An easy recipe for Gai Yang, Thai Grilled Chicken
Posted on September 10, 2012 by Aun
One of the easiest and most delicious dishes that my wife and I like to make at home is Gai Yang, or Thai-style grilled chicken. If you’re a regular reader of this site, you’ll remember that we served Gai Yang as the main course on our Diner en Blanc Singapore menu. While easy to cook and a joy to eat, especially with some sticky rice and some Thai sweet chilli sauce, the trick to making a great Gai Yang is to marinate the chicken (at least) overnight.
What actually goes into the marinade is actually quite personal. Every home or professional chef will have his or her own preferred ingredients and quantities. At its base, Gai Yang is chicken that has beem marinated with fish sauce, palm sugar, garlic and cilantro stems and then grilled over charcoal. That said, I’ve seen recipes that replace fish sauce with soy sauce or even oyster sauce, which while interesting, are not substitutions I would make.
When S and I took our little boy T to Bangkok at the end of July, we discovered that he enjoys Gai Yang just as much as we do. Which is fantastic. As he gets older, he’s been eating more and more “adult food”, so we’re always on the look-out for foods that we like that he also takes a shine to. It’s a lot easier to prepare one larger meal that the whole family can enjoy–as opposed to cooking a separate meal for the rugrat.
Of course, I was not at all surprised that T liked Gai Yang. It’s hard to find someone who doesn’t enjoy what has become one of Thailand’s most popular Thai street foods. Despite its association with Thailand, you should know that Gai Yang originally came from Laos, where it’s called Ping Gai (which literally means “roast chicken”). It came through Thailand via the Isan folks who live in the country’s northeast (which borders Laos).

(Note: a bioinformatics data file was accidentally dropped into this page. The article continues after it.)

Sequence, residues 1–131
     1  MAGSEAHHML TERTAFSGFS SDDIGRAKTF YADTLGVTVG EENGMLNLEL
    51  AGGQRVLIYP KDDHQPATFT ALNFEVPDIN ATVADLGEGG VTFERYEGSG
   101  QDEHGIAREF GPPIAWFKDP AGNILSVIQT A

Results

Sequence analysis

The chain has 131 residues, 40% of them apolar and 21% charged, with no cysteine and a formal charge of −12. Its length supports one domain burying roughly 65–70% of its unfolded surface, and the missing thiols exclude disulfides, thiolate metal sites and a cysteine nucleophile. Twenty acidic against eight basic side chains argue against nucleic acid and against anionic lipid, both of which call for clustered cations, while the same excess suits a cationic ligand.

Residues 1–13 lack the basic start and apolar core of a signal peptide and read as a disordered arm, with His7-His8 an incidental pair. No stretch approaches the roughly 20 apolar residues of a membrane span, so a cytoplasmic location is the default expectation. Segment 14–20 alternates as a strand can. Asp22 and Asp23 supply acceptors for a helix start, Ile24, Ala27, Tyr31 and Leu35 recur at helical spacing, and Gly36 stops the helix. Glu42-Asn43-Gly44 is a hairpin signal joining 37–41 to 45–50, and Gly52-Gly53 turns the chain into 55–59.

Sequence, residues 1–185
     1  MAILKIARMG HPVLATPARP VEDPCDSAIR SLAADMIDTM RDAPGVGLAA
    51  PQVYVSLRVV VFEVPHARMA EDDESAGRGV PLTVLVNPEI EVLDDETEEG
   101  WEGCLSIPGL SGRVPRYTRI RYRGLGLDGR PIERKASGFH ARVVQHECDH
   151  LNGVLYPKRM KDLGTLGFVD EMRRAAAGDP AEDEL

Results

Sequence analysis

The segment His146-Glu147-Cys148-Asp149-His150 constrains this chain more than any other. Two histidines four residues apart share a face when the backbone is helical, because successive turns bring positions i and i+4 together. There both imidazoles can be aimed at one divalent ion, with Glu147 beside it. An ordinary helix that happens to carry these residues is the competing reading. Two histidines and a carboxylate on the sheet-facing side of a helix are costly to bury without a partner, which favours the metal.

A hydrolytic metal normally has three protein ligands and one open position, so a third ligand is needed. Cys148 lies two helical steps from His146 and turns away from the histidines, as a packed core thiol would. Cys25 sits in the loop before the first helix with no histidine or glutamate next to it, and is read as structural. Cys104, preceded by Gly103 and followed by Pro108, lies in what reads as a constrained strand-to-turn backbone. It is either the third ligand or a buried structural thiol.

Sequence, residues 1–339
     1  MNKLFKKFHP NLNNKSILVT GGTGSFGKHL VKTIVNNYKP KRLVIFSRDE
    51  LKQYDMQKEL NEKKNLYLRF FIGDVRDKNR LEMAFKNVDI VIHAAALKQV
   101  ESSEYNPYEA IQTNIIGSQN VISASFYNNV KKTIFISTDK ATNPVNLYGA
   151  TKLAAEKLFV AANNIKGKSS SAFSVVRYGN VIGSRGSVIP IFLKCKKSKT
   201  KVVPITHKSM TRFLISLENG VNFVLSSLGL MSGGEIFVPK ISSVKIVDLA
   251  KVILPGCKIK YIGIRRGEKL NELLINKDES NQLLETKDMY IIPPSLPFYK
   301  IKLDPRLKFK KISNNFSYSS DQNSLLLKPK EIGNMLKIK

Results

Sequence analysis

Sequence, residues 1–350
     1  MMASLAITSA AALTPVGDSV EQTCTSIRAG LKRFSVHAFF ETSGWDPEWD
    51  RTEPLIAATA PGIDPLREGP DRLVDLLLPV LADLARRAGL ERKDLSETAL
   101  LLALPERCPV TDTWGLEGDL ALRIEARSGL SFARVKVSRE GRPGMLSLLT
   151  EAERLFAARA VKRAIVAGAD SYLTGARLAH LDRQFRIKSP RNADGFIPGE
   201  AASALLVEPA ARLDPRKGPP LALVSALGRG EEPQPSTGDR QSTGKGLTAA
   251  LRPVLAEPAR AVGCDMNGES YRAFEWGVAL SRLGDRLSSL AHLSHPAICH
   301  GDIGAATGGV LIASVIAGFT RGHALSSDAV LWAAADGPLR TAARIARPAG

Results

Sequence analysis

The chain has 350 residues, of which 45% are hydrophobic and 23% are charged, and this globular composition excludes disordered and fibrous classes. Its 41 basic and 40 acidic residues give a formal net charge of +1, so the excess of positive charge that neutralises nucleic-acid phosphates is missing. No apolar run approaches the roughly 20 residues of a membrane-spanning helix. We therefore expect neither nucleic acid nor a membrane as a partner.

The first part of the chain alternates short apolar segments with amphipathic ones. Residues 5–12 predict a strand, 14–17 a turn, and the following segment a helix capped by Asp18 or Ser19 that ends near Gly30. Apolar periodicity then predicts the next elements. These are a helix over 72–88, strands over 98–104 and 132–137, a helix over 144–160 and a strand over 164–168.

When we do Gai Yang at home, despite having a Miele barbecue grill built into the island in our kitchen, we tend to roast the chicken in the oven. It’s simply easier and a whole lot cleaner.
I hope you give this simple but gorgeously aromatic and tasty chicken dish a try. I wouldn’t be surprised if it becomes one of your own favourite easy recipes to whip up for yourself. And your kids.
Feeds 6-10 friends depending on quantity served to each person
6 boneless chicken thighs
6 coriander roots, scraped and chopped
6 garlic cloves, peeled
2 stalks of lemongrass, chopped
1/2 cup kaffir lime leaves
1 tablespoon tumeric powder
3 tablespoons palm sugar
20 white peppercorns
6 tablespoons fish sauce
2 tablespoons water
1 tablespoon olive oil
Using a small food processor or stick blender, mince and blend together the coriander, garlic, lemongrass, kaffir lime and peppercorns. You will likely need to add liquid in order to get your device to blend the ingredients more evenly, you can add the water or some of the fish sauce in now.
Transfer the spice paste to a large bowl and add in the rest of the fish sauce, water, and olive oil. Stir into a wet paste. Also add in the tumeric powder and palm sugar. Stir in order to dissolve the sugar.
Add the raw chicken thighs to the bowl and using your hands, work the marinade evenly all over the chicken. Transfer everything to a large ziploc bag. Let the chicken marinate in the fridge overnight.
When ready to cook, take your chicken out for 20 minutes prior to cooking so that it is not too cold when popping it in the oven.
Preheat your oven at 230 degrees Celsius.
Line an oven safe tray with aluminium foil. Spread the chicken out on the tray, skinside up. Roast for 20 minutes.
Take the chicken out, chop and serve with sticky rice and sweet chilli sauce.